The embryo transfer itself is a fairly quick and routine procedure. A surrogate will typically be required to travel to the intended parents’ clinic for the transfer. A catheter will be inserted into her cervix, through which one or two high-quality embryos will be transferred. She may be required to rest for at least 48 hours after transfer to increase the chance of a successful implantation.

A week or two after the embryo transfer is complete, the surrogate will return to the fertility clinic for the pregnancy test. While she may have taken at-home pregnancy tests to monitor her hCG levels, the medical test at the clinic will officially confirm any pregnancy. If a pregnancy is confirmed, the surrogate will be released to her own obstetrician to receive prenatal care. If a pregnancy is not confirmed, the fertility clinic will work with both parties to schedule another embryo transfer, if possible.

Because your fertility clinic will play such a key role in your medical process of surrogacy, it’s critical that you choose a trusted medical professional to guide you through these steps. If you have not yet selected a fertility clinic, our specialists can always provide referrals to local clinics when you contact our agency at 1-800-875-BABY(2229).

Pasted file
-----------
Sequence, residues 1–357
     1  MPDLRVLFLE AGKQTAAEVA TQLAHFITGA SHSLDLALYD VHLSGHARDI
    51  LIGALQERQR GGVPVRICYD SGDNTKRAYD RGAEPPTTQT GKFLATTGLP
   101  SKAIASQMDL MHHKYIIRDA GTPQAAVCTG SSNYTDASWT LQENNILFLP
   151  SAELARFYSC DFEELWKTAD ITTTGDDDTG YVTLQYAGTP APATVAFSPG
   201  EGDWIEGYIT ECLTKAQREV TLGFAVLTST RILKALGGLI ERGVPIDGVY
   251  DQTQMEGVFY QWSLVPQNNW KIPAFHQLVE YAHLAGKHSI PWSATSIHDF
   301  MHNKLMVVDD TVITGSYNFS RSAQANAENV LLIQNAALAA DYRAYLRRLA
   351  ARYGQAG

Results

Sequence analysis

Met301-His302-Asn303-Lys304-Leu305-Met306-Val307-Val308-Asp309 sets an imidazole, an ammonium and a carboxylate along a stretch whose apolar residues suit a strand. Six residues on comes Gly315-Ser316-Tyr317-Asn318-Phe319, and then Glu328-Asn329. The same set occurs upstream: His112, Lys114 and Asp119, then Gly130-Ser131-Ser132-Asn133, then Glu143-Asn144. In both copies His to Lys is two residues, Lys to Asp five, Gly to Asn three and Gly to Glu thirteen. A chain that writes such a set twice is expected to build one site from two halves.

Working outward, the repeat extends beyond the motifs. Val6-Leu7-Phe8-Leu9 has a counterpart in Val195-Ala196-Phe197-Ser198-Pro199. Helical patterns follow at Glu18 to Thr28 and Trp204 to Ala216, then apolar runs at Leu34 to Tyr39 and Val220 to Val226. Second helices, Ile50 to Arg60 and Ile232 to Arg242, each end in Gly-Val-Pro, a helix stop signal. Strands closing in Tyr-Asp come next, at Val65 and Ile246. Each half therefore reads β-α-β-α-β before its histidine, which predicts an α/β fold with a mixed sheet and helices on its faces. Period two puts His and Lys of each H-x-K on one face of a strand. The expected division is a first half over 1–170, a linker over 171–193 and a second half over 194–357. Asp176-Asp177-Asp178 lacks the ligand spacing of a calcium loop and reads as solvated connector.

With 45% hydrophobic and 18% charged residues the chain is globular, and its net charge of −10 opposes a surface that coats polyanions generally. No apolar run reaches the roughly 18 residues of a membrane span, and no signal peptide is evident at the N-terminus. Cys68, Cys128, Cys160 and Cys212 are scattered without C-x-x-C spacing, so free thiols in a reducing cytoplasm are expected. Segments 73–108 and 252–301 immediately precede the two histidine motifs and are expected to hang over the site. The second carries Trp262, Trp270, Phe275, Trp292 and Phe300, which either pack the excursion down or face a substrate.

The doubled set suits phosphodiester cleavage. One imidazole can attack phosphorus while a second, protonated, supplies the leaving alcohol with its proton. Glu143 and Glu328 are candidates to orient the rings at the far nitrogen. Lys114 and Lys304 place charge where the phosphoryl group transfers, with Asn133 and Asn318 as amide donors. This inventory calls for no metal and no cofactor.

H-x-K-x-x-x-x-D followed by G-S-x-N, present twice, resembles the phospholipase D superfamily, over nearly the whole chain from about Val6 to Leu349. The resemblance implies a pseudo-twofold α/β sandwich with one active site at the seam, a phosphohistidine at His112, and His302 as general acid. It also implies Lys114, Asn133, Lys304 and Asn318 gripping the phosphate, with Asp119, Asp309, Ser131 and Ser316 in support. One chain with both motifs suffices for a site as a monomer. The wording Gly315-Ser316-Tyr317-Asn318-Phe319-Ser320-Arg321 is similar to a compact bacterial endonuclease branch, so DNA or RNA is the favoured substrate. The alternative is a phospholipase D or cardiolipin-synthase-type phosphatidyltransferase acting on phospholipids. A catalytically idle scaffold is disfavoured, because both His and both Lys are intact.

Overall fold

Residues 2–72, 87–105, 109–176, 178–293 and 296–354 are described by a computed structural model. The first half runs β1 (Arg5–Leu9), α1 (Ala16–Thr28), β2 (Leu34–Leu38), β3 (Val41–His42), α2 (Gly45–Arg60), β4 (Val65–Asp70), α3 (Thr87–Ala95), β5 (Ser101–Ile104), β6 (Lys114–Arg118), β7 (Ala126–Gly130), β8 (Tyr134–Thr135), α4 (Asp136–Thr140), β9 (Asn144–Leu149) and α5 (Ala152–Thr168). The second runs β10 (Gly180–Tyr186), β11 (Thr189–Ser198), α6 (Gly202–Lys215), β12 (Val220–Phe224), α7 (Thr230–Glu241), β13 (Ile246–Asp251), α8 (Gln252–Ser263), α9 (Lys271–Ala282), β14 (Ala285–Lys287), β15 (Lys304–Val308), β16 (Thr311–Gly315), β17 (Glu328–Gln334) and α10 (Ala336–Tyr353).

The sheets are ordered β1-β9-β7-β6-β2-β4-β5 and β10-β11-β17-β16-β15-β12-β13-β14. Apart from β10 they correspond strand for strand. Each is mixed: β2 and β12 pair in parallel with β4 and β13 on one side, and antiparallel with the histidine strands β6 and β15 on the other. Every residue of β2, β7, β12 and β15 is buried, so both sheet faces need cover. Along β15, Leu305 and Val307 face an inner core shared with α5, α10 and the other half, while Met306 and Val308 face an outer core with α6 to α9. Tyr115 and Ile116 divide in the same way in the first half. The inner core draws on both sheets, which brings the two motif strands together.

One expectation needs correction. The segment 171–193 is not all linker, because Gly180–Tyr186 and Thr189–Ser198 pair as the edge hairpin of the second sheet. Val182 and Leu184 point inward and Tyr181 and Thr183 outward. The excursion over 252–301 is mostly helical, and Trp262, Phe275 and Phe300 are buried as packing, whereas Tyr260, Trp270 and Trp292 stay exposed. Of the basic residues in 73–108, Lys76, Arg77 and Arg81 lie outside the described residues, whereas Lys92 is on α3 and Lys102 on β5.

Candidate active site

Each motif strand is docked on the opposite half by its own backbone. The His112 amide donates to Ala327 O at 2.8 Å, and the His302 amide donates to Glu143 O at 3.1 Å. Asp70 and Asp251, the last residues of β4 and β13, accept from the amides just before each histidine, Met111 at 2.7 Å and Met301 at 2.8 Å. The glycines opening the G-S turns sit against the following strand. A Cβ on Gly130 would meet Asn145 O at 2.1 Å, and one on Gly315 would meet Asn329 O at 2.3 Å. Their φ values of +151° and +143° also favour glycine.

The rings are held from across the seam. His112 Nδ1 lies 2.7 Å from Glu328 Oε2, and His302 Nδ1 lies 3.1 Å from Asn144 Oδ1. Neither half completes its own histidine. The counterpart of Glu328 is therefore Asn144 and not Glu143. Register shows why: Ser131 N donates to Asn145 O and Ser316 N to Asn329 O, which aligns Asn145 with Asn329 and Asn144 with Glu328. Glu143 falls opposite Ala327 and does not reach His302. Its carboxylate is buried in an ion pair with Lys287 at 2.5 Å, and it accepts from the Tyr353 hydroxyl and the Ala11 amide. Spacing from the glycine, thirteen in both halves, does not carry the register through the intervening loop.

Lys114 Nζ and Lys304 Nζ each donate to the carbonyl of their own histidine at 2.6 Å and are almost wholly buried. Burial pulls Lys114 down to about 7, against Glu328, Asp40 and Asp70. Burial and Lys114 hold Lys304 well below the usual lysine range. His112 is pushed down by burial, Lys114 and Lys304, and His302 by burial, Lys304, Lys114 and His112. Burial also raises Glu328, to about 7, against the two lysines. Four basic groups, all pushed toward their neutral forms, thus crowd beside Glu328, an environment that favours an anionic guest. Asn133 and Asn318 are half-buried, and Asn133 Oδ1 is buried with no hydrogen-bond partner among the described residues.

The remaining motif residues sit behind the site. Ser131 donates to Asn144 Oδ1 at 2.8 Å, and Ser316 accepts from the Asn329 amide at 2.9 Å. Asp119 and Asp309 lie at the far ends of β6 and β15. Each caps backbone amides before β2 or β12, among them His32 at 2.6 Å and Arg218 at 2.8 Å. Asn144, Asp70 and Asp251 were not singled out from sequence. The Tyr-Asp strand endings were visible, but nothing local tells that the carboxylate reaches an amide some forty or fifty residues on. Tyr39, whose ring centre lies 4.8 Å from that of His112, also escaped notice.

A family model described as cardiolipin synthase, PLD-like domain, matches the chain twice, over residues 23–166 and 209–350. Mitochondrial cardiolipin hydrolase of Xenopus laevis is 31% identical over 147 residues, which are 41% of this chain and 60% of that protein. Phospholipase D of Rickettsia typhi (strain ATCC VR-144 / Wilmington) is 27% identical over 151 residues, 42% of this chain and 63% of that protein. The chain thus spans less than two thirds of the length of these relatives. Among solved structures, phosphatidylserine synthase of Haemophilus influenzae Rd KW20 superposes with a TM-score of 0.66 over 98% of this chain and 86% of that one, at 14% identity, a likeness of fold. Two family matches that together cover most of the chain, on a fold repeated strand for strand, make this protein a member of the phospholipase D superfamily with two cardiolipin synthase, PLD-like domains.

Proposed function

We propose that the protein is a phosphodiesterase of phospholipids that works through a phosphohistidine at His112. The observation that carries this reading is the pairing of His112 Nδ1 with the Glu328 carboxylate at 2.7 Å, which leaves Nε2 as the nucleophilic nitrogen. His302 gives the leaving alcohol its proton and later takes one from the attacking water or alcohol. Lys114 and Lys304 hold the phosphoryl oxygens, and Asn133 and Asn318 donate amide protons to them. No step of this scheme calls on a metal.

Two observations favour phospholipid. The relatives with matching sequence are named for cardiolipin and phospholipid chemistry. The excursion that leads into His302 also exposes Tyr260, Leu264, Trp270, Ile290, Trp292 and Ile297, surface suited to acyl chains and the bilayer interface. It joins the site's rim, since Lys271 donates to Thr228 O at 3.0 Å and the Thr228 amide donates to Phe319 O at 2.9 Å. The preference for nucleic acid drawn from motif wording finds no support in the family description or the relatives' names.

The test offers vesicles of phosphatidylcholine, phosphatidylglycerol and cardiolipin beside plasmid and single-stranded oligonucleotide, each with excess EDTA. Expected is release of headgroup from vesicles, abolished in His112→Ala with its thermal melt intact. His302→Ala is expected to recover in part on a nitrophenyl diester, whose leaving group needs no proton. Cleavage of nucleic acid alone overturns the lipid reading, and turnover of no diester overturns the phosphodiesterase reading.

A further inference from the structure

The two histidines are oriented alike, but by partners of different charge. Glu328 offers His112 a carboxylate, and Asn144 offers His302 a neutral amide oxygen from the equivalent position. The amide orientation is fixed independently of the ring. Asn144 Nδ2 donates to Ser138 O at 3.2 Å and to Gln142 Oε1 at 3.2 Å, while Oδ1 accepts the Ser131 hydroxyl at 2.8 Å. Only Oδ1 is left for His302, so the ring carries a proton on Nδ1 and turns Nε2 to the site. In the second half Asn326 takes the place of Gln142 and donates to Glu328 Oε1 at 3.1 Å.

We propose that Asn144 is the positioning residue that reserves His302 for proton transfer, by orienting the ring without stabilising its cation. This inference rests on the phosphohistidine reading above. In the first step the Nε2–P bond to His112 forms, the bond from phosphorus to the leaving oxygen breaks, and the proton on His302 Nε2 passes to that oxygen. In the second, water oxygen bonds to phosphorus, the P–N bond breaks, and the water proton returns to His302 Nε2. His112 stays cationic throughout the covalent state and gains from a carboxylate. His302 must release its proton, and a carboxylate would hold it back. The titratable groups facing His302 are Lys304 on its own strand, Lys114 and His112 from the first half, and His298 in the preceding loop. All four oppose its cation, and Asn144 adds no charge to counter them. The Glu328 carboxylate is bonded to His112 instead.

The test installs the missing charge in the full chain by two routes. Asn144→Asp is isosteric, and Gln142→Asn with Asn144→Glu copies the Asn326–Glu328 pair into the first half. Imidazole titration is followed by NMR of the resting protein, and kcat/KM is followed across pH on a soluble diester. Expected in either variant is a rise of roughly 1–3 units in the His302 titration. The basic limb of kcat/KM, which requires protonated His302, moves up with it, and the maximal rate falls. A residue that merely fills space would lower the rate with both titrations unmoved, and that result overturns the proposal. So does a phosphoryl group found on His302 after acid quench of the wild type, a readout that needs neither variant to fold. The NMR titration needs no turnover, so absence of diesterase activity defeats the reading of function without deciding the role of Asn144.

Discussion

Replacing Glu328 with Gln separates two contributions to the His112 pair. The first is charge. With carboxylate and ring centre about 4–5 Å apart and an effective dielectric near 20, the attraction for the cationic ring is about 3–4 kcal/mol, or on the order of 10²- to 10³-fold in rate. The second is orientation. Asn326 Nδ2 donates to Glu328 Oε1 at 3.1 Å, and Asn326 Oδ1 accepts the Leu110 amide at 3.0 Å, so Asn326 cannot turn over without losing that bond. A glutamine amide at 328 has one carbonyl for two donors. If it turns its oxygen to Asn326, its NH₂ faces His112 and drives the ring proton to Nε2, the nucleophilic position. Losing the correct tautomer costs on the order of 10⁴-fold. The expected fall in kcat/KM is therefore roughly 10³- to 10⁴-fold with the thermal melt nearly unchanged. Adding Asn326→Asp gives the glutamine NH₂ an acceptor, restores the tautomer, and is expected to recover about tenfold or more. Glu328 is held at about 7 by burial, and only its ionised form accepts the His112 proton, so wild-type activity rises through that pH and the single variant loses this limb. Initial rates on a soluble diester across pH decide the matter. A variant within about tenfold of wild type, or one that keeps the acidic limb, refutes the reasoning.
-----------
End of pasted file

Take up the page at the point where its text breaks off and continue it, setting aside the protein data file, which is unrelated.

Remember, every fertility clinic is different, as is every intended parent’s and surrogate’s journey through surrogacy. Your own process may vary from what’s included here, and all surrogacy clients should speak with their doctor for more information about what their process will look like.

The Truth About the Medication You’ll Take as a Surrogate

When women are considering becoming surrogates, there are many questions in their minds. However, two of the biggest often are, “What medication will I need to take? Do I have to give myself shots?”